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Editorial
March 3, 2004

High-Intensity Statin Treatment for Coronary Heart Disease

Author Affiliations

Author Affiliation: Harvard School of Public Health and Brigham and Women's Hospital, Harvard Medical School, Boston, Mass.

JAMA. 2004;291(9):1132-1134. doi:10.1001/jama.291.9.1132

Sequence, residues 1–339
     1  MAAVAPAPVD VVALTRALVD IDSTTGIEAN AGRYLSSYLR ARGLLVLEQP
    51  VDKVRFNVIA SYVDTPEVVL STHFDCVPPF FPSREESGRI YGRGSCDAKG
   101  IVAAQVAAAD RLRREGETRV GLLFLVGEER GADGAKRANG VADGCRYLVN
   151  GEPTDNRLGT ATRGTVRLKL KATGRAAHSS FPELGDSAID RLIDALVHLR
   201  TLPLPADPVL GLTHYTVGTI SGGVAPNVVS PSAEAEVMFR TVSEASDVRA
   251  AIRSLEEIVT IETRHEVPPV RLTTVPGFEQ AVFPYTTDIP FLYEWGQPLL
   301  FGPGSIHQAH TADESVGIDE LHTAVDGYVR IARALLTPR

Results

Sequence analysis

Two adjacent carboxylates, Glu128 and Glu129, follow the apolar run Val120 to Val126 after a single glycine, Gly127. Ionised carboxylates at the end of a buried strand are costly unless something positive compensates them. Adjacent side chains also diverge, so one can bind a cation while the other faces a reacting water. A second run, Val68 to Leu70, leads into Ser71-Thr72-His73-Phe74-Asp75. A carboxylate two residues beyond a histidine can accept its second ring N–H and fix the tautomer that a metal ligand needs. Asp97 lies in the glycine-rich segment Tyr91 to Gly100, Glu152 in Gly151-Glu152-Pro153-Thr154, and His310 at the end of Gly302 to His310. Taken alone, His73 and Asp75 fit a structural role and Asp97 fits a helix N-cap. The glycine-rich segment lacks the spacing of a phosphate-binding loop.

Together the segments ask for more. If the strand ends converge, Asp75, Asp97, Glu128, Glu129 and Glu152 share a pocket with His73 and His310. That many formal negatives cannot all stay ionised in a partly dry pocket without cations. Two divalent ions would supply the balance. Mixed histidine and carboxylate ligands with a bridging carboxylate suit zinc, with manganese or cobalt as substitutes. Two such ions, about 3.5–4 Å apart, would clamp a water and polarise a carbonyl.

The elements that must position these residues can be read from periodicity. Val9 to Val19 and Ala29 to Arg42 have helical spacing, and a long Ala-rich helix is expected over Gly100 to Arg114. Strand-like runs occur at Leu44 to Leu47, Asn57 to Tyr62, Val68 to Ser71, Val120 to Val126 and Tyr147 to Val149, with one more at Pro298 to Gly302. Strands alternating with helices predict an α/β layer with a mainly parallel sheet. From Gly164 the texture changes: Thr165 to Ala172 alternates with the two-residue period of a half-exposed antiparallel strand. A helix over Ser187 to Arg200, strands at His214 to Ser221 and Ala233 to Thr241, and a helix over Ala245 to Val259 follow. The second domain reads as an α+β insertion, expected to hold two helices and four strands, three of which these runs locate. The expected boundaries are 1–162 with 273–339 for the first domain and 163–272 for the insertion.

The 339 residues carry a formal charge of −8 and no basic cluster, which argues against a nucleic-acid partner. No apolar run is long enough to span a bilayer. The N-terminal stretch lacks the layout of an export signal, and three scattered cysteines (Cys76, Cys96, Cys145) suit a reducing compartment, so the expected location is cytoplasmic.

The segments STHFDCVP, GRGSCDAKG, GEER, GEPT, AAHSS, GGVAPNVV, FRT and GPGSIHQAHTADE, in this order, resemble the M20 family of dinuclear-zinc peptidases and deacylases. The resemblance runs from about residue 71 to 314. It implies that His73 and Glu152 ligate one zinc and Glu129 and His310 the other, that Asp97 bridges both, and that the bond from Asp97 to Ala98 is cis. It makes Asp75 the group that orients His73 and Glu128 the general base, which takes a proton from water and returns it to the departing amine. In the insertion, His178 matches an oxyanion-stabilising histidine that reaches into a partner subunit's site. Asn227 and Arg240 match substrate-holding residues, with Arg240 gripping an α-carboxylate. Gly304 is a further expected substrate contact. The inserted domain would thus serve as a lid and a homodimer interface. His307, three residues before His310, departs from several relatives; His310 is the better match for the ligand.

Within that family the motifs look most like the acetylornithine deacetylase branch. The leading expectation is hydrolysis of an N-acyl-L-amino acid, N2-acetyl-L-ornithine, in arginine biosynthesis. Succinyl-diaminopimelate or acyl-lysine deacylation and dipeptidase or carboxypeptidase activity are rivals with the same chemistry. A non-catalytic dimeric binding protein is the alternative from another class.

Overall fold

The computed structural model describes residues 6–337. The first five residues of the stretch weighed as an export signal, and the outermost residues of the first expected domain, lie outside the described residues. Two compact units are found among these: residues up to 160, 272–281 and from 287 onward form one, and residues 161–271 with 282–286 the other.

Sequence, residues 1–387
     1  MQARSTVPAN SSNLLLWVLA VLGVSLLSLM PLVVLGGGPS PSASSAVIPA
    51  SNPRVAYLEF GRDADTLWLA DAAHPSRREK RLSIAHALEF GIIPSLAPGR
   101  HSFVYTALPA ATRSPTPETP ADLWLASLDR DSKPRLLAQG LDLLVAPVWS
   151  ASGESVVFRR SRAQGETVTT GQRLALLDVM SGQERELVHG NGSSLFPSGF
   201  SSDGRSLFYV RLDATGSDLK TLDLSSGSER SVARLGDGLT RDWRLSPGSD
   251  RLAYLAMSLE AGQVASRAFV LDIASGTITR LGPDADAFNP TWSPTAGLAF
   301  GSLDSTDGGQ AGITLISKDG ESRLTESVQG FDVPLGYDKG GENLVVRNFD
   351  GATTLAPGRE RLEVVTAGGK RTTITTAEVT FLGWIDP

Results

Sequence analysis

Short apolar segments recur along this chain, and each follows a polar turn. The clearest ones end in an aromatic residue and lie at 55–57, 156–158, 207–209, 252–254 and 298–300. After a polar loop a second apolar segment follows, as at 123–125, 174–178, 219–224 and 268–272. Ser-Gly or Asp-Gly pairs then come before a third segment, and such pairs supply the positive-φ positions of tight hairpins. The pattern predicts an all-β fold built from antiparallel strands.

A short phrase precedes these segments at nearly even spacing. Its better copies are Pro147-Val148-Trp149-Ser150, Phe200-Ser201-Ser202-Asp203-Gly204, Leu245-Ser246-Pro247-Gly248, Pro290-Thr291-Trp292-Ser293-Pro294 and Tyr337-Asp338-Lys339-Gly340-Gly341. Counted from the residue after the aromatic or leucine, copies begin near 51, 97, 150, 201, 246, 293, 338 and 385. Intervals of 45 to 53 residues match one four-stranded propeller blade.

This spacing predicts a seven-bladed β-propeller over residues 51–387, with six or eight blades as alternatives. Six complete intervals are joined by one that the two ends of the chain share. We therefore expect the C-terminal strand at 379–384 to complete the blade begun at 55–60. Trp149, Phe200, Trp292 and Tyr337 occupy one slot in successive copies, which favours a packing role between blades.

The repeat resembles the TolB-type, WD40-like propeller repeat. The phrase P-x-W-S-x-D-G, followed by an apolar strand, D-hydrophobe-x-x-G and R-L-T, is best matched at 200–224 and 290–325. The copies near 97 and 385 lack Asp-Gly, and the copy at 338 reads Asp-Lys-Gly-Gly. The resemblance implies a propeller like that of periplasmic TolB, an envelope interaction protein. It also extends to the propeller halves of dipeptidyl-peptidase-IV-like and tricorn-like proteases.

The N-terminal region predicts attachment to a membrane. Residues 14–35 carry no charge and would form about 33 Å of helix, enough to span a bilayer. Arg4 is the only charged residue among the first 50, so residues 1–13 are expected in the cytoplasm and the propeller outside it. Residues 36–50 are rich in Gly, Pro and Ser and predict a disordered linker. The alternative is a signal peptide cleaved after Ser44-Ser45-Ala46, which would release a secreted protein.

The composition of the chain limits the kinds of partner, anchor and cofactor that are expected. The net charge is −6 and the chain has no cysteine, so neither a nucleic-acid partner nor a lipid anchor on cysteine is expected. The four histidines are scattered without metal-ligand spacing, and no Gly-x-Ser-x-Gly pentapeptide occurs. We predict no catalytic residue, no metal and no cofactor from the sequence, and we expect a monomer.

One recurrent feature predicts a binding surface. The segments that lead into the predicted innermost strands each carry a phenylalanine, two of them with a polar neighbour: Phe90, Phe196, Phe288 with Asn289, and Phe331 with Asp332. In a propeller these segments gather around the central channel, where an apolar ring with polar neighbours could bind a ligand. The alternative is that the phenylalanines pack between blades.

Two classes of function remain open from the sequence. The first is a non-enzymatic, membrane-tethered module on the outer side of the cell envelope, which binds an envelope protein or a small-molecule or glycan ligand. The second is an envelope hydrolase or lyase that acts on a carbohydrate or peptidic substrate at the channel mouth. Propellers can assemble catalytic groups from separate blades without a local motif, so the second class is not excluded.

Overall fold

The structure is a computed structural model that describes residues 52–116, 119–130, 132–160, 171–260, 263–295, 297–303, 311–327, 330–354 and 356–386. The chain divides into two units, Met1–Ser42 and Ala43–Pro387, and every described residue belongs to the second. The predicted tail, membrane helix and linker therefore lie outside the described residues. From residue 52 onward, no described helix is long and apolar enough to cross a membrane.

In this issue of THE JOURNAL, Nissen and colleagues1 report the findings of the Reversal of Atherosclerosis with Aggressive Lipid Lowering (REVERSAL) study, a clinical trial comparing the effects of 2 statins, pravastatin (40-mg dose) and atorvastatin (80-mg dose). The REVERSAL study is a first in 2 respects. First, it showed that a statin regimen using the most efficacious drug (atorvastatin) and dose available for lowering low-density lipoprotein cholesterol (LDL-C) when the trial began improved coronary atherosclerosis more than pravastatin, which represented a statin regimen that had been fully established to safely reduce cardiovascular disease and mortality.26 Second, the advantage of atorvastatin was demonstrated using an intravascular ultrasound examination of the coronary arteries, a technique that quantifies plaque by visualizing the coronary arterial intima. While this study is an important achievement, it is equally important to determine what it adds to current knowledge of lipid therapy in atherosclerotic cardiovascular disease and how it should affect clinical practice.

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